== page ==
Fashion? Rigid and overly serious? AVAVAV’s Beate Karlsson says it doesn’t have to be that way

The Swedish designer broke free of fashion convention in more ways than one during her recent AW23 show in Milan.

Entitled ‘Fake it til you break it’, Beate Karlsson’s AW23 AVAVAV show at Milan Fashion Week sent expectations flying. As models descended down the runway, their looks broke off or flew off of their bodies into various directions. It began with the odd broken heel or a bag falling off of its strap. But then came sleeves being pulled off of shirts, black hoodies stitched with ‘Hot, Rich, Famous’ ripped apart, dresses and trousers torn away, culminating in the whole backdrop of the show falling flat on its face. 

However, the AVAVAV presentation did quite the opposite. Now known for the unexpected, Karlsson’s spectacles during fashion week have become quite the staple. For her SS23 show, models tripped up over themselves down the runway, falling, quite literally, head over heels of the brand’s Moonster XXL boots. It quickly became one of the season’s most viral shows. For any Karlsson aficionado, it only took the first heel to break during the recent catwalk for the audience to know that the real AVAVAV show was about to begin. 

However, it’s never just been about virality or catching as many eyes as possible whilst Instagram feeds are inundated with Fashion Week content. There’s always a message, a comment on the industry in some respect. For AW23, it was all about interrogating, dissecting and deconstructing the seriousness of fashion. As Karlsson tells HUNGER, it started with the question: “What’s the most embarrassing thing that can happen to a fashion house?” And well, a heel breaking from one of the first looks sent down the runway is probably just that. 

We caught up with Karlsson to find out more about what it is about the fashion industry that makes her laugh, and why we should be laughing with her…

What was your initial starting point for the collection? Was it the shock factor, or a continuation of the previous collection? 

We were exploring this idea of fake richness and wealth and how the fashion industry is just about labels and what value does it carry? So this collection became a development of that theme. We also thought there’s something very funny about shame and how you can put that in the collection or in a runway show, and how you present something. So for our SS23 show, there was a sense of our models being ashamed because they fell over and they fucked up. Whereas now it’s more about us a fashion house screwing up because everything is falling apart.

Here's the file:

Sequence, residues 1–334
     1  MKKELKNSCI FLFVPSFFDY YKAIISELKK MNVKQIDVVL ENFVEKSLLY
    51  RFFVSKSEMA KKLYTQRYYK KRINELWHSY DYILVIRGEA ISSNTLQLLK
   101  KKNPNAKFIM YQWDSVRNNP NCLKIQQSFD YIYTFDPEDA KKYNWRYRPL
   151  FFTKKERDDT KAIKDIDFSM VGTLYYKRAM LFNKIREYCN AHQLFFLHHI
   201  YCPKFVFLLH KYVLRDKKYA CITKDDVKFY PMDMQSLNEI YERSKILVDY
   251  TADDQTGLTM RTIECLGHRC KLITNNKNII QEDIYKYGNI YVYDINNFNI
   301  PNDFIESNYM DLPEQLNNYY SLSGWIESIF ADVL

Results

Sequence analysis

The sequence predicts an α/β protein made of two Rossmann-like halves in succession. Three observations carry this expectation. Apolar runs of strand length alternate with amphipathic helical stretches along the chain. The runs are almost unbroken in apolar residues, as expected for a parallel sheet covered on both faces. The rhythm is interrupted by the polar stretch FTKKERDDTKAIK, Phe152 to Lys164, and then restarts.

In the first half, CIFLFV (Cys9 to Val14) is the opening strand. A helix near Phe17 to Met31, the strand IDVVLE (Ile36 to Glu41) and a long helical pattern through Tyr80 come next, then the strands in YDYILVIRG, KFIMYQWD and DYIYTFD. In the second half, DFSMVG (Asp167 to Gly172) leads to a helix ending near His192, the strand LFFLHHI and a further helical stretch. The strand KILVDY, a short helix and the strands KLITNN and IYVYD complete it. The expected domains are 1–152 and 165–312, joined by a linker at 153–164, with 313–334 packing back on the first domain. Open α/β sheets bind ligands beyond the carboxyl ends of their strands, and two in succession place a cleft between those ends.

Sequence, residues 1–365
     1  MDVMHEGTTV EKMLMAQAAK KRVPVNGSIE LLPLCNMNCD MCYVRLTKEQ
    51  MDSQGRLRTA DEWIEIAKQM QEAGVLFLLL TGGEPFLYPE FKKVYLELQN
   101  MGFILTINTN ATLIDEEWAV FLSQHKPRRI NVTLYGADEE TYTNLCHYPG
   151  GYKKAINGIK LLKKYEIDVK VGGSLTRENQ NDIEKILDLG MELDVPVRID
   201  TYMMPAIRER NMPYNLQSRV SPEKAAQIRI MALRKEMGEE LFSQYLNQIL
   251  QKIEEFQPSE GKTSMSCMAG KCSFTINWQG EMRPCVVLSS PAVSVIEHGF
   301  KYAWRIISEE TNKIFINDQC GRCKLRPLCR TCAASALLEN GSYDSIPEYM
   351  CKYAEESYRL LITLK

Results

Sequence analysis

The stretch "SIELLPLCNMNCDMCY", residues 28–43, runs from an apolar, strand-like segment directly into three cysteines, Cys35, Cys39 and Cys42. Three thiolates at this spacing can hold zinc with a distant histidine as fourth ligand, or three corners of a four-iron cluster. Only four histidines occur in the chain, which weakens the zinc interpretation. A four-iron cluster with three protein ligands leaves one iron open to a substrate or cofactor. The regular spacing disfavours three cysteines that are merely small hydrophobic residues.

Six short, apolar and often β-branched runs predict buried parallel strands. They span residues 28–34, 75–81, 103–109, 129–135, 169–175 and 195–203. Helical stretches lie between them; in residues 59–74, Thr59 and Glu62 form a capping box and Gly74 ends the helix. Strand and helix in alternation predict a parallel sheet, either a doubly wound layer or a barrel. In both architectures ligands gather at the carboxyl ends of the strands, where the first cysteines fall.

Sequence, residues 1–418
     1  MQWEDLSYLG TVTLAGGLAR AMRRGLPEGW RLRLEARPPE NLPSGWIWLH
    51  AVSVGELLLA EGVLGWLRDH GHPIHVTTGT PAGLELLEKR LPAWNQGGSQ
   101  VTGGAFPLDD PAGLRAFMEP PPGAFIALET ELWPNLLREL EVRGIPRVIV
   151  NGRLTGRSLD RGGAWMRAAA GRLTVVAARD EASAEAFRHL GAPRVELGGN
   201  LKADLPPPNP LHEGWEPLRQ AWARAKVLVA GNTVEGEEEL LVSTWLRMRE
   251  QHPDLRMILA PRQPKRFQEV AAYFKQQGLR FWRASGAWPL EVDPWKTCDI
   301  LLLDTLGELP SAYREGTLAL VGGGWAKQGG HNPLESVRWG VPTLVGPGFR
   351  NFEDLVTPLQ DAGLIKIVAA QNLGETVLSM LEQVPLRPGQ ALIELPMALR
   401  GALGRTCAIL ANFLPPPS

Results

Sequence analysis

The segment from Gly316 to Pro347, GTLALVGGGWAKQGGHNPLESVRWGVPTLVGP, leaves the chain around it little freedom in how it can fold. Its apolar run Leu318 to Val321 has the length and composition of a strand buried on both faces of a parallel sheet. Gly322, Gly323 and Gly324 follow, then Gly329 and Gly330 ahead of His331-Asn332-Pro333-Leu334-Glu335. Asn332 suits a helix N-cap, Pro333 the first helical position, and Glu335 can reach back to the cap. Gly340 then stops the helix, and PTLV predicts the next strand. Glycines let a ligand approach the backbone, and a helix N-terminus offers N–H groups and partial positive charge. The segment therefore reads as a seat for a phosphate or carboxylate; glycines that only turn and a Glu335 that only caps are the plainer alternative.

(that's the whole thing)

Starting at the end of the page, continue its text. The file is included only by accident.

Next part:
And so what was the overall comment on luxury, and what luxury means? 

To me, I think about what I’ve been biased to think is luxury, which is something that is expensive, comfortable and quite serious; you’re put together and you have your kit and it’s very neat and there are no rips, just perfect tailored suits or things like that. That’s just my preconception of it. But I think it’s interesting because today designers are developing that so much, and there’s a lot of upcycle brands that are producing super expensive coats, taking old rags and then they make coats out of it, and it’s super vintage. 

How did that tie into the collection and, for example, the clothes breaking/falling apart?

We were trying to find what’s the most embarrassing thing that can happen for a fashion house and what’s the thing that is the furthest away from something being luxury. And I think that something breaking is that. So we thought it was really interesting to see if we could present a collection where things are starting to break and it could still look luxurious and still be considered luxury.

We had two voices in our heads. Our finger shoes, for example, are sold at €1300 or something. They’re very difficult to make. I think a lot of brands would never show them in a bad light, such as if they were to break or anything. But we thought that was an interesting point to take our iconic products and pose the question, what if the heel broke?

Was there any worry in your head about how people might perceive the quality of your clothes after the show? 

We did state it clearly in our press release that this is only for the runway show, our clothing is made in some of the top Italian factories. But we also wanted to push it so hard that in the beginning there’s just a heel or a bag breaking – the small details. Then it becomes this artistic performance based on the concept that everything is breaking apart. And we also thought that it was important also for a sales representative, for example, to be comfortable with this concept. 

A lot of your work is self-deprecating to a certain extent. SS23 was about models feeling ashamed that they had fallen over, and now it’s the embarrassment of clothes breaking… 

To me, as a designer working at an up and coming designer label, it’s really nice to have this space where you can openly fail because there are so many difficulties. As a young brand there’s something nice about feeling like there’s a space to just show and be shameful and just tap into that. I think it’s an effective tool to ironically pick on the things in the industry that are so serious. I saw this short reel from, I think it was the Valentino show, where someone was walking and then they fell, and she was so embarrassed and so angry that she fell. I think there’s something so serious about fashion, but it’s funny and really easy to not be serious. I think a lot of people find comfort in that it doesn’t have to be the super luxury house that’s incredibly serious and only has their one way of showing things.

WriterRy Gavin
Image CreditFederico Pompei